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Zakk Wylde and Ozzy Osbourne Open Up in 1990 Guitar World Interview

Zakk Wylde and Ozzy Osbourne Open Up in 1990 Guitar World Interview

How do you know when a guitarist is right or wrong?

OZZY: It's like shopping for a new suit -– there may be a whole rack of blue suits, but only one will grab you. There's no ritual, there's no formula. I've just been lucky that everybody's liked my taste in guitar players.

What were Randy's weaknesses as a player? Was there any aspect you had to help him with?

OZZY: He didn't really have any weaknesses. I was the one that needed work. I had just come from Sabbath, and Tony Iommi was a bit of a tyrant. His attitude was that I was the singer, I was allocated a space, and if I couldn't come up with anything then I was screwed. Whereas Randy would work with me. Randy had patience because he was a guitar teacher. It was potentially a very frustrating situation for him because I couldn't play a musical instrument. But he was always supportive and would say things like, "Try bending a note here" or "Try this key." It was a bit like going to music school. Randy was very instrumental in bringing me out of me. The first two Ozzy albums are by far the greatest things I've ever done. He was too good to last.

You and Randy had a chemistry.

OZZY: Yeah, and now I think it's gone, but you never know. I was never sure whether my work with Sabbath was any good. I used to think it was all too ordinary, but it seems to have stood the test of time. You never know what you got 'til it's gone.

You must have had more confidence when you found Jake E. Lee.

OZZY: Not really. I knew a guitarist had to look good and have a good attitude, but other than that ... Randy was the exception. He was from somewhere else.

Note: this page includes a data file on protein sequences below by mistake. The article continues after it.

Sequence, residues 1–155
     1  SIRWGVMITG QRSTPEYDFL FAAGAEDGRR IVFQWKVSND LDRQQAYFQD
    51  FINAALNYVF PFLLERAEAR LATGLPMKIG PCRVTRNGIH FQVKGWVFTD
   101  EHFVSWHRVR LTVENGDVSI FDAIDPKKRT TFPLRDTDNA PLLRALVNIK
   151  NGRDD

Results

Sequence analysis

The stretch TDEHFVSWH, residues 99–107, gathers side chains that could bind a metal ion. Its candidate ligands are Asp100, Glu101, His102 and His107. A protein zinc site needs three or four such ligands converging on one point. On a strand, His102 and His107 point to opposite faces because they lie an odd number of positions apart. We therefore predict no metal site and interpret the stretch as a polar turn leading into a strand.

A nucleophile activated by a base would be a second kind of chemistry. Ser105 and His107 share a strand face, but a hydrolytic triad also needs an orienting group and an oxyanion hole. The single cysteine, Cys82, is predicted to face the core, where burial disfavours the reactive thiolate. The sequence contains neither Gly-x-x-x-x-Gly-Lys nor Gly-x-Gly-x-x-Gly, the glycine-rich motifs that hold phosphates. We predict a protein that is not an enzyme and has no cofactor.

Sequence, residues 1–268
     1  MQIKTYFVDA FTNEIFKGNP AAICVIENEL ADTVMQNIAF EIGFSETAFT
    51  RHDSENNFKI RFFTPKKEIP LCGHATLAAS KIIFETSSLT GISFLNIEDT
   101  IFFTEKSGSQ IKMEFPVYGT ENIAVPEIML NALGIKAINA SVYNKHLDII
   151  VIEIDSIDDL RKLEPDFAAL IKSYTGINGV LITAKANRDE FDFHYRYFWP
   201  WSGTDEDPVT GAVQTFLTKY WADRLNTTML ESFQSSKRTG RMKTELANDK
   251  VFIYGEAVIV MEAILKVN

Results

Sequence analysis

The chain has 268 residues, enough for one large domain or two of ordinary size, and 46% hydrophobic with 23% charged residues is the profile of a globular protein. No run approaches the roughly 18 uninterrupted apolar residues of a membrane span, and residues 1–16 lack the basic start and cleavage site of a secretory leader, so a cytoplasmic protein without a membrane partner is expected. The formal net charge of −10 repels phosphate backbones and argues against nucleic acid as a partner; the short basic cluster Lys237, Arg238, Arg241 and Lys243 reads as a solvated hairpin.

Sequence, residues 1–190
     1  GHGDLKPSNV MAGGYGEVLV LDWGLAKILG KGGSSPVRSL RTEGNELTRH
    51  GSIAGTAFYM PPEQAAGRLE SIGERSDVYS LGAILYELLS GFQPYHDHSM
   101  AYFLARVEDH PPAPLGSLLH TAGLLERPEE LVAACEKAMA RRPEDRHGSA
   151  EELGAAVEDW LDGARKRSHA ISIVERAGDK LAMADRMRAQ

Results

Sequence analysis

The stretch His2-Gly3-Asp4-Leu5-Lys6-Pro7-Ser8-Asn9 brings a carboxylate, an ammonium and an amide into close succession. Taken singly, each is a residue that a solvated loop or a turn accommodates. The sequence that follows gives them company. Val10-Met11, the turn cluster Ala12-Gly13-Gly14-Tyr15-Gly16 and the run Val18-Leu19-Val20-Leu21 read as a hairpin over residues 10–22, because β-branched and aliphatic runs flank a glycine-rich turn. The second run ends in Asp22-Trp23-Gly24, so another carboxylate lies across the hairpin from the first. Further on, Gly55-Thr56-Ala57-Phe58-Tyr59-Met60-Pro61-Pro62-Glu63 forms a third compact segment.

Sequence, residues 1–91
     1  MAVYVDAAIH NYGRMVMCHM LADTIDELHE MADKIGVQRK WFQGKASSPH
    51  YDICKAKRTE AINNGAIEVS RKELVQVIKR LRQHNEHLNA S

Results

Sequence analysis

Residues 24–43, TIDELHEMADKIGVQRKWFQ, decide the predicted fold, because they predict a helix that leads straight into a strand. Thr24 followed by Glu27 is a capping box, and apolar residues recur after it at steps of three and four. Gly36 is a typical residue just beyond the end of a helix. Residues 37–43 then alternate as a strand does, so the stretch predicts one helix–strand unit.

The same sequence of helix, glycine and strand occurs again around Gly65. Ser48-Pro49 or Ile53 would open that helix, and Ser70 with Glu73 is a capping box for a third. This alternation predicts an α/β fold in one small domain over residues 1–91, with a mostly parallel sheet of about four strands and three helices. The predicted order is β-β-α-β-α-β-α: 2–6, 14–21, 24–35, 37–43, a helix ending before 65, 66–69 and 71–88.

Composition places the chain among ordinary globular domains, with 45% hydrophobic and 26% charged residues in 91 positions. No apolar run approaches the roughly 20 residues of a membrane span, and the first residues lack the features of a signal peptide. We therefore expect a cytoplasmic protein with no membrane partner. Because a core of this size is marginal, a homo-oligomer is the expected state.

Randy came to me one day and said, "I've had enough of this rock 'n' roll stuff, I want to get a degree in music from UCLA." I said to him, "Why don't you wait a few years and get some money and success behind you. You can always get a degree when you're 90, if you want." But he wanted to study right then and there. He started spending hours practicing and writing out his own formulas -- diads or niads or whatever you call them. Day in and day out, whatever spare time he had was spent plucking on his flamenco guitar. He was a musician in the true sense. The instrument was an extension of his personality.

When we were recording Diary Of A Madman, he would disappear into the studio for days. I'd ask him what he was doing and he would say, ''I'm working on this solo and I still can't get it." Finally, it would come to him and he would call me and say, "listen to this." It would always tear my head off.

That's the difference between guitar players. There are guys who'll go wingly-wangly up and down the fretboard, and some have emotion and others don't. Randy and Eddie Van Halen were at the winning post, and everyone else is a close second. I mean, this Yngwie Malmsteen guy must have the capability to do some amazing things -- but it's too cold, it's too much for the mind to take in. And watching Steve Vai is like watching a good mechanic strip down a good engine in three seconds and rebuild it. He makes things run perfectly, but there 's no nice little errors that make things sound human.